Owning land in New Mexico is a great way to invest for retirement and the future. So what are the pros and cons of owning land in the land of enchantment?
Is buying or owning land in New Mexico a good idea? What are the pros and cons of doing so? What precautions should I take while buying land in the ‘Land of Enchantment’? In this article, we will take a look at the pros and cons of owning land in New Mexico and explore the reasons why you should consider doing so. Is owning land in New Mexico a good idea? Yes, it is!
There Are Several Pros Of Doing So Including:
- Low Land Price And Property Taxes
- Availability Of Large Tracts Of Land For Ranching
- Diverse Terrain
- Low Cost Of Living
Cons Of Living Here Include:
- High Unemployment
- A Difficult Climate
In this article, we will take a brief look at the state of New Mexico including climate, terrain, economy, population, and others. We will also explore the pros and cons of living in and owning land in New Mexico. We will provide you with the information you need to make a decision about whether owning land in New Mexico is worthwhile.
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Table of Contents
New Mexico is located in south-western USA, and is one of the four mountain states sharing the southern Rocky Mountains with Utah, Arizona and Colorado. It borders Colorado to the north, Texas and Oklahoma to the east, Arizona to the west and Texas and the Mexican states of Sonora and Chihuahua to the east. Its capital city Santa Fe is the nation’s oldest and was founded in 1610. The state is renowned for its diverse landscape which includes five ecosystems i.e. deserts and basin, alpine conifer, juniper scrub, plains mesa and riparian habitats. New Mexico is not known as the Land of Enchantment for nothing. The state consists of four land regions i.e. the basin and range region, Colorado plateau, the Great Plains and the Rocky Mountains.
Covering an area of 121,598 square miles, New Mexico is the fifth largest state in the USA. It has 2.1 million residents and is among the states with the lowest population density in the country. This low density is due to a number of reasons including the fact that high unemployment rates have forced people to move in search of work and also due to the fact that the government owns a lot of the state’s land. In spite of all these, New Mexico is a great place to own land, especially if you want to start ranching or engage in large scale farming. Below are a few pros and cons of owning land in New Mexico.
An acre of land costs an average of $6000. This is significantly lower than the average figure for an acre of land in the whole of the USA. In addition, farmland goes for just $570 per acre which is a lot cheaper than the national average of $3,160. The fact that land is so cheap here means that you can easily purchase a large tract for your own use, for speculation purposes and even for farming or ranching. Furthermore, if you are looking to buy a large tract of land measuring 100 acres or more, New Mexico has the cheapest median price.
As with other parts of the country, land and lot prices tend to be higher inside major cities, with Albuquerque and Las Cruces posting the highest land and house prices. The median cost of a house in New Mexico is $246,000 which is significantly lower than the national median of $374,900. However, the median price in Albuquerque was $320,000 which was 18.7% higher than in 2021.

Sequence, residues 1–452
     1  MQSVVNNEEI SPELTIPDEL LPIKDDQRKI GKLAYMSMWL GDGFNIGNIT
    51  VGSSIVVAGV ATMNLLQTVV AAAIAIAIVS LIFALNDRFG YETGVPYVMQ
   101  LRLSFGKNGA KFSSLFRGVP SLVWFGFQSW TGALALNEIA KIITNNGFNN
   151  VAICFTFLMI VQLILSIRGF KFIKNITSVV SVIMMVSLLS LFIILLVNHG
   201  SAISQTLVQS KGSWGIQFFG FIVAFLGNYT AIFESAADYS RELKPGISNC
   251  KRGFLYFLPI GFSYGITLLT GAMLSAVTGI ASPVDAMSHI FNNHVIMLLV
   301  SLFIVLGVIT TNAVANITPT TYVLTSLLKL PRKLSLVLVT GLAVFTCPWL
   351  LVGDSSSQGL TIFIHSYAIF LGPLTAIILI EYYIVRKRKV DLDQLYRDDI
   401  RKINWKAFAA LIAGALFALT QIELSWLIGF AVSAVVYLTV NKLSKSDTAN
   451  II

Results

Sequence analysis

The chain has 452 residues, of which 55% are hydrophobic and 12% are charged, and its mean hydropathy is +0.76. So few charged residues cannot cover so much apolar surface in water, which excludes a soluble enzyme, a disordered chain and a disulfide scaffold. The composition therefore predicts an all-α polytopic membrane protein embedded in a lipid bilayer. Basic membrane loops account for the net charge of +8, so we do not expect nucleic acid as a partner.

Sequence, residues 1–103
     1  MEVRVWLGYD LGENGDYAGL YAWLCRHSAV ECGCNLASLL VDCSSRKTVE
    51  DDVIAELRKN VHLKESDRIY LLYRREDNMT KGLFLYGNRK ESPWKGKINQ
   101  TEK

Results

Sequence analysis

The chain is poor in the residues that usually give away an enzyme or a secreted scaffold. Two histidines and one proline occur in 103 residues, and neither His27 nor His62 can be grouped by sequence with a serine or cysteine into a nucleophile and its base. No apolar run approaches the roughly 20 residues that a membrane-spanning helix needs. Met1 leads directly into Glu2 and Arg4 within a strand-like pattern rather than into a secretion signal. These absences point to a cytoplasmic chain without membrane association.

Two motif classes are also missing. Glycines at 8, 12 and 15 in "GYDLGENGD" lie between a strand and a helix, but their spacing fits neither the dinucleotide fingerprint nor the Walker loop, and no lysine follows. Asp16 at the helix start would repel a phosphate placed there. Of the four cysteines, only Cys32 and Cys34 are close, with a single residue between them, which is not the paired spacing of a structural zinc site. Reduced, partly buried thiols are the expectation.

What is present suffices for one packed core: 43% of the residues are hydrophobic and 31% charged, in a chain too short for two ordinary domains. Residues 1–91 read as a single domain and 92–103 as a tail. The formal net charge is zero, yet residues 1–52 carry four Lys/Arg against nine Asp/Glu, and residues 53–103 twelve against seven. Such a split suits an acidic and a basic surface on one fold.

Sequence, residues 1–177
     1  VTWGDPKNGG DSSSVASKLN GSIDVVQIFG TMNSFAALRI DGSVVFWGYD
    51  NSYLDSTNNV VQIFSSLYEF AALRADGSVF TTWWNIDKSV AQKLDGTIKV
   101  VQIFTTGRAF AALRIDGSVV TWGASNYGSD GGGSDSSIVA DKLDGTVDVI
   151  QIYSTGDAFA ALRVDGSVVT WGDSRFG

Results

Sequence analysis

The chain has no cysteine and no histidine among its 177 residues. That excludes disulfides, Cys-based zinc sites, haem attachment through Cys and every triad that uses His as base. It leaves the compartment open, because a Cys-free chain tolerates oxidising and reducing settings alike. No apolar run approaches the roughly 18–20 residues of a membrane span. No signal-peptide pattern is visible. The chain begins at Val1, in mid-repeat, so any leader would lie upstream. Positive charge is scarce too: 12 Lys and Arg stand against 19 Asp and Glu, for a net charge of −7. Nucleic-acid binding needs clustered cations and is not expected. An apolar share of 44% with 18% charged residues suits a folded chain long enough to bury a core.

The housing market in many large New Mexico cities is a seller’s one. In Albuquerque, homes received an average of 5 offers upon listing and sold within 12 days. In addition, lot prices range anywhere between $70,000 and $900,000 in size depending on location and size. This means that should you choose to own land in the cities, you could make a pretty penny if you decide to construct houses and sell them or even if you choose to buy and hold for speculative purposes. There is also plenty of farmland available for sale in New Mexico with the average farm going for $ 2,600,000.
Farming and ranching opportunities
If you are looking to venture into farming or ranching, then owning land in New Mexico is one of the best ways to go about it. With sizeable acreage, water access and limited restrictions, New Mexico farms are among the best investments you can make. The average size of farms in the state is 1,640 acres, and there are over 25,000 farms covering 40.6 million acres to be found here.
New Mexico produces a variety of crops including pecans, onions, watermelon, potatoes, corn and green chillies. The state supplies most of the country’s onions in June and is also the country’s largest producer and exporter of green chile peppers. The state’s top agricultural products include: processed vegetables, beef and veal, plant products, tree nuts and dairy. Most of New Mexico’s farmland is found in the Rio Grande river basin and in San Juan County in the four squares region.
Most of New Mexico’s farms are under irrigation and the world’s largest irrigated farm, the Navajo Agricultural Products Industry (NAPI) is found here. The farm currently covers 70,000 acres and produces corn, wheat, oats, beans and other agricultural products.
Dairy products are New Mexico’s top agricultural performer and in 2021, the industry contributed 40% of the 2.6 billion earned from agricultural produce. Animals raised on ranches in New Mexico include beef and calves, sheep, hogs, and lambs. A significant amount of pasture is also grown here to cater for different types of animals.
Owning land in New Mexico will provide you with the opportunity to farm a wide variety of crops including grains and cereals, cold-weather vegetables, tree nuts, onions and others. You can also venture into ranching and get your share of the pie from the billions of dollars that this sector earns for the New Mexico economy.
Great educational opportunities